Renowned Scientists Examine the Function of Human Emotions at Being Human 2013 Event

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Leading Researchers Discuss How and Why We Feel the Ways We Do

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For anyone who has every wondered why we have emotions and how they function, an enlightening segment entitled “Human Emotions” will be a part of the Being Human 2013 conference taking place on Saturday, September 28, 2013 in San Francisco’s newly restored Nourse Theater.

The second annual Being Human event will foster a deeper understanding of what it means to be human. In addition to the segment on Human Emotions, the conference will also examine The Biology & Psychology of Ethical Behavior, Love & Sex, and The Future of Being Human from a variety of scientific, philosophical and evolutionary perspectives.

Exploring what our emotions are for, how they evolved and how we experience them, the scholars in the “Human Emotions” segment include some of the most respected and accomplished scientists and researchers in the field of human behavior. “These esteemed scientists have dedicated their lives to understanding our emotions, how they arise, and where they come from,” said Jeff Klein, Executive Director of the Baumann Foundation. “By recognizing what lies underneath our seemingly complicated emotions, we can better understand how and why we feel the ways we do.”

Neuroscientist Richard Davidson, Ph.D. is a Professor of Psychology and Psychiatry at the University of Wisconsin-Madison. He has spent nearly 40 years studying the human brain and emotion, and in 2006 was named one of the 100 Most Influential People in the World by Time Magazine. Dr. Davidson authored The Emotional Life of Your Brain with Sharon Begley, and has investigated how the neurological effects of meditation can functionally rewire the brain.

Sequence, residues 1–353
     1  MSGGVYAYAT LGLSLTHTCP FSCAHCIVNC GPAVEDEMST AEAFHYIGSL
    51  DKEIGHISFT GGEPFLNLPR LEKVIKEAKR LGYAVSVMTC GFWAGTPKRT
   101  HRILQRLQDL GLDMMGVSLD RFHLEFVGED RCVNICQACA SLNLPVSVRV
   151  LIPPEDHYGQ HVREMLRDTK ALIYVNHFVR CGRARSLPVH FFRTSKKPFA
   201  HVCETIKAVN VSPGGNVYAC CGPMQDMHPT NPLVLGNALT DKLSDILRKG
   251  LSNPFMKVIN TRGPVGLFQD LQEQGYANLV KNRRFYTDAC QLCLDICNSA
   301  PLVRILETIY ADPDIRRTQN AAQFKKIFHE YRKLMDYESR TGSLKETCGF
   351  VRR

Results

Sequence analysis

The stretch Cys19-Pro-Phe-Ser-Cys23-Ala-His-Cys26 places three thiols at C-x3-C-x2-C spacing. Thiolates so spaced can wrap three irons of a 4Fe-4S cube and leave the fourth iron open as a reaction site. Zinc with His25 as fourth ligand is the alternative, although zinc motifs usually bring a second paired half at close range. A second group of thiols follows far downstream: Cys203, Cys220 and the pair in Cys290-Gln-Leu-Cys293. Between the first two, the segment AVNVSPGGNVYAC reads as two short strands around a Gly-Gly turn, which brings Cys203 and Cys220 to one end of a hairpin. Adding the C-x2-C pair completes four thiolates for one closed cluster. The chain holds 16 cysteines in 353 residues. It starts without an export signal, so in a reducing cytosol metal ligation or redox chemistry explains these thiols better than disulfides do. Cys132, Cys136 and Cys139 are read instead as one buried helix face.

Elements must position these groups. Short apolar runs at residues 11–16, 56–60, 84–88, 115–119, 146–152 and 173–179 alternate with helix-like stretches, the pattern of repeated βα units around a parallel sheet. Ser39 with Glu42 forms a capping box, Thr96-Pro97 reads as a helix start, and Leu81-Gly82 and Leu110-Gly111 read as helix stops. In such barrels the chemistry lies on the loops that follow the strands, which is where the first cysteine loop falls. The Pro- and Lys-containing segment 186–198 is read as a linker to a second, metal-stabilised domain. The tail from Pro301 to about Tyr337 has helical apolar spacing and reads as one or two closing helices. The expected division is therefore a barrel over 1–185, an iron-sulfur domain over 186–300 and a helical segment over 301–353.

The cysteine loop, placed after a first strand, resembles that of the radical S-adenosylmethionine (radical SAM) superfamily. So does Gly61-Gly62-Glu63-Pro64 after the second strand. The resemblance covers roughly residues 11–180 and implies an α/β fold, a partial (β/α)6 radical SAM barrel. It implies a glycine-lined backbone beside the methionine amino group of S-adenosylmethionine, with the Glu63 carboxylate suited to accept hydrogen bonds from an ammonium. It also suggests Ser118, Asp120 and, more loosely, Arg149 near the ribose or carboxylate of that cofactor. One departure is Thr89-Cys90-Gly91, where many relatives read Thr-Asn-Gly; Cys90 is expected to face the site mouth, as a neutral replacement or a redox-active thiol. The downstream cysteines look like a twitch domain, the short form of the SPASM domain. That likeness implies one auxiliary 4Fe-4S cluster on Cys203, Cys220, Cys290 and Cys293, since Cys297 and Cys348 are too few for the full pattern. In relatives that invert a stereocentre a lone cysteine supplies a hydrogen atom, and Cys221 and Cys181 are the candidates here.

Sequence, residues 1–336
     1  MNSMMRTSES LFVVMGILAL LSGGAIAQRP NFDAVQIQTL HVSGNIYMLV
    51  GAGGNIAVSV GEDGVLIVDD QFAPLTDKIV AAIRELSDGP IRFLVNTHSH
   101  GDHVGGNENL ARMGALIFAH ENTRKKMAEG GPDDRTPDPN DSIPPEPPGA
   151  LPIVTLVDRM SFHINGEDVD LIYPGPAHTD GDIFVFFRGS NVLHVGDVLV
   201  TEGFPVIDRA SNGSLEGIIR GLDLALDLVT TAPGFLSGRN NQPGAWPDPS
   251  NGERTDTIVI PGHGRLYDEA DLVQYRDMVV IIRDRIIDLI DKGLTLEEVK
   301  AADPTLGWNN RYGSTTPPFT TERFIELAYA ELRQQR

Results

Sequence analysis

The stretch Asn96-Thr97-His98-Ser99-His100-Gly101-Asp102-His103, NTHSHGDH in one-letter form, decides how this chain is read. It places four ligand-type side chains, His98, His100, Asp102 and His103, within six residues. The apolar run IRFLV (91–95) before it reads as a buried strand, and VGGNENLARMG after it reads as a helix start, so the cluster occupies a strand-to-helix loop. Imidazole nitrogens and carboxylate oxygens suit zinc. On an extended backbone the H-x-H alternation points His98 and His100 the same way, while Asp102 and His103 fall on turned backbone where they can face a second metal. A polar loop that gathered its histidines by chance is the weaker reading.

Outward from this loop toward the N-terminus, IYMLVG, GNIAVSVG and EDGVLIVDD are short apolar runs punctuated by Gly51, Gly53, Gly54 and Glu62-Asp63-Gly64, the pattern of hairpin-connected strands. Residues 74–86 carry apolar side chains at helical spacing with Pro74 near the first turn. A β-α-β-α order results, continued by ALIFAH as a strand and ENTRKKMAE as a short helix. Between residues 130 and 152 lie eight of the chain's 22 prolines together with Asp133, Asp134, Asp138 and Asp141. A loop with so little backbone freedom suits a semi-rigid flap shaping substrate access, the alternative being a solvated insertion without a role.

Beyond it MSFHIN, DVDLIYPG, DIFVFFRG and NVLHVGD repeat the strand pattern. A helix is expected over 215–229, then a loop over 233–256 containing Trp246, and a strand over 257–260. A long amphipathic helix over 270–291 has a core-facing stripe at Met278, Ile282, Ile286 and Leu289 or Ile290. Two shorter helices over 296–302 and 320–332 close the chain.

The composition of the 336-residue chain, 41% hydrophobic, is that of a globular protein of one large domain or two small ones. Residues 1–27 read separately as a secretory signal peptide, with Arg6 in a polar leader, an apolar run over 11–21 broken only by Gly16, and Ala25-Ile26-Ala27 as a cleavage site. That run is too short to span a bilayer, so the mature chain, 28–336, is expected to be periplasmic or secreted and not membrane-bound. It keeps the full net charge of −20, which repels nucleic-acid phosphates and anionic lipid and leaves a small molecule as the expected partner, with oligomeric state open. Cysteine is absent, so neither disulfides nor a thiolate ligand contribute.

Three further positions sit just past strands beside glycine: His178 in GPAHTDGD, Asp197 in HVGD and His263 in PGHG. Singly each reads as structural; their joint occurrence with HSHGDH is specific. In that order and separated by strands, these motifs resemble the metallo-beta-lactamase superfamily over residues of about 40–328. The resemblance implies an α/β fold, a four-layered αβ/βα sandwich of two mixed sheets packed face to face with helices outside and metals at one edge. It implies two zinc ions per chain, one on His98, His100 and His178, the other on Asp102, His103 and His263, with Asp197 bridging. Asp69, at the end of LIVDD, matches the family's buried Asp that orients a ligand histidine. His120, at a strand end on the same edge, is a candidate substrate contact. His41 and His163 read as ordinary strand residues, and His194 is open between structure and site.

Paul Ekman Ph.D. is a pioneering psychologist in the study of emotions and facial expressions, and has been named by the American Psychological Association as one of the most influential psychologists of the 20th century. Through his 60 years of research, Dr. Ekman has established that the nonverbal communication of emotions is a universal phenomenon, and that human emotions are an evolved, biological response shared by cultures worldwide. He states, “Emotions can override…the more powerful fundamental motives that drive our lives: hunger, sex, and the will to survive.”

Dr. Esther M. Sternberg is renowned for her discoveries surrounding the mind-body interaction in illness and healing. Recognized by the National Library of Medicine as one of the 300 women physicians who have changed the face of medicine, she is Research Director for the Arizona Center for Integrative Medicine at the University of Arizona in Tucson. Translating complex scientific subjects in a highly accessible manner, Dr. Sternberg lectures nationally and internationally on subjects including the mind-body connection, ‘stress and illness’, spirituality, love and health, and well-being.

Tickets to Being Human 2013 and more information on these and other featured speakers and presenters are available at

SUGGESTED KEYWORDS: Richard Davidson, Paul Ekman, Esther Sternberg, Being Human, human emotions, neurobiology, neuroscience, Nourse Theater, Baumann Foundation, Peter Baumann, Ethics & Behavior, Love & Sex, The Future of Being Human

Being Human is an initiative of The Baumann Foundation that fosters an ongoing exploration into the nature of human experience from evolutionary, scientific and philosophical perspectives. By creating environments for learning, connection and conversation, including public and private events, publications and a website, Being Human invites all people to discover a deeper understanding of our human nature. For more information please visit and

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Kevin Sanchez
Hollenbeck Associates
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